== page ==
Our ongoing approach is to exploit genetic differences between cocoa varieties, focusing on the genetic differences that control the absorption and sequestration of cadmium into beans. The Cocoa Research Centre (CRC) at the University of the West Indies is the custodian of the International Cocoa Genebank (ICGT). This holds over 2400 cocoa tree varieties, which is regarded as the largest and most diverse cocoa collection in the public domain. Working in collaboration with the CRC, our researchers have sequenced the genomes of over 500 varieties of cocoa trees, and are examining these sequences to investigate genetic markers that may be linked to variation in cadmium accumulation in the bean. Once linked markers are identified, they can be used to find the genes responsible for controlling cadmium uptake into the beans, and to develop DNA tests to screen varieties to examine whether they have the markers for low or high cadmium accumulation. Once low cadmium cocoa tree varieties are identified they can be used in breeding programmes, for example by identifying low cadmium root stocks that can be used to graft cocoa trees that would then be low in cadmium. This would then help cocoa farmers in Latin America and the Caribbean produce beans with lower levels of cadmium, enabling them to sell their beans into the lucrative premium chocolate markets in the EU.

Further Reading:

(2020) Researching fermentation in cocoa. Future Food blog:

(2020) Doing science in the field: Stories from our Colombian cocoa project. Future Food blog:

(2019) Eating chocolate in the name of science. Future Food blog:

(2019) Hot chocolate! Making artisan chocolate taste even better. University of Nottingham News:

(2019) Science adds flavour to unique chocolate made in Nottingham. University of Nottingham News:

David E Salt is the Director of the University of Nottingham’s multi-million pound Future Food Beacon of Excellence and a Professor of Genome-Enabled Biology. He spent more than twenty years as an academic in the US, before returning to the UK to establish and lead the Centre for Genome Enabled Biology at the University of Aberdeen (2011 – 2016). In 2016 he started at the University of Nottingham. He has long term research interests to understand the function of the genes and gene networks that regulate the plant ionome [defined as the elemental composition of an organism, tissue or cell], along with the evolutionary forces that shape this regulation. Over his career he has obtained 38 competitive research awards totalling £17.8 million (equivalent from US, UK and EU funding), and published 176 peer-reviewed papers in journals such as NatureScience and PNAS that have been cited ~35,000 times (h-index = 88).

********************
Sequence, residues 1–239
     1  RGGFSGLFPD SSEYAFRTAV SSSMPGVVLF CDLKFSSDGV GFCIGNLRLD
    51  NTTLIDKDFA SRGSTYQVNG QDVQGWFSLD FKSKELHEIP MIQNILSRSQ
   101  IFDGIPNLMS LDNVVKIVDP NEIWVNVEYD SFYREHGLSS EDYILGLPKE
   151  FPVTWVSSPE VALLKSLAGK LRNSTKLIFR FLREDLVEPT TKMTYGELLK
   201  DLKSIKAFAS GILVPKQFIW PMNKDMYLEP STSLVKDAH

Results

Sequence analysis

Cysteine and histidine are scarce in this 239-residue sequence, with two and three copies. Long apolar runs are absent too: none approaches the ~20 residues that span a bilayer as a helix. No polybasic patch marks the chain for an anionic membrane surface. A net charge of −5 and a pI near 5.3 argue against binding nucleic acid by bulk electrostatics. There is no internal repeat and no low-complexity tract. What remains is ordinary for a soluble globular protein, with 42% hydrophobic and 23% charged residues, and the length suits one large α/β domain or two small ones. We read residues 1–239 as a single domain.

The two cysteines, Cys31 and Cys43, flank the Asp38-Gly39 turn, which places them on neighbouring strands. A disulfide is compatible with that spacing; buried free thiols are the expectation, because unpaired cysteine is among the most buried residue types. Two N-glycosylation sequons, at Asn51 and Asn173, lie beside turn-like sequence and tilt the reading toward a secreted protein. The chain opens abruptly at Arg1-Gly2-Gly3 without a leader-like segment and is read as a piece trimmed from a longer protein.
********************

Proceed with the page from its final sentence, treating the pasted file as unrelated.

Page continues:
David Gopaulchan has a PhD in Biochemistry with expertise in genetics, genomics, molecular and cellular biology, and is a postdoctoral researcher with the Future Food Beacon. His research is focused on studying genetic diversity of cacao populations towards conservation, understanding sequestration of cadmium in cacao towards mitigation and controlling microbial communities involved in cocoa fermentation to improve quality and flavour. His interest also spans exploiting natural cacao variation to improve cacao yields, developing resilient varieties, and using more sustainable agriculture production systems.

Follow David Gopaulchan on Twitter: @DavidGopaulchan

Gabriel Castrillo is an Associate Professor in Plant Microbiome. Prior to this he was a Nottingham Research Fellow with the Future Food Beacon. He studied biochemistry (1995-2000) at Havana University, Cuba and completed his PhD (2004-2009) as a MAE-AECI fellow in the lab of Prof Javier Paz-Ares at the Spanish National Centre for Biotechnology. From 2009-2013, he was a Postdoctoral Fellow in the same institute, in the lab of Prof Antonio Leyva. He left Spain to undertake a second postdoc (2014-2018) at the University of North Carolina, Chapel Hill, USA, in the lab of Prof Jeff L. Dangl. He has published in Nature and Science.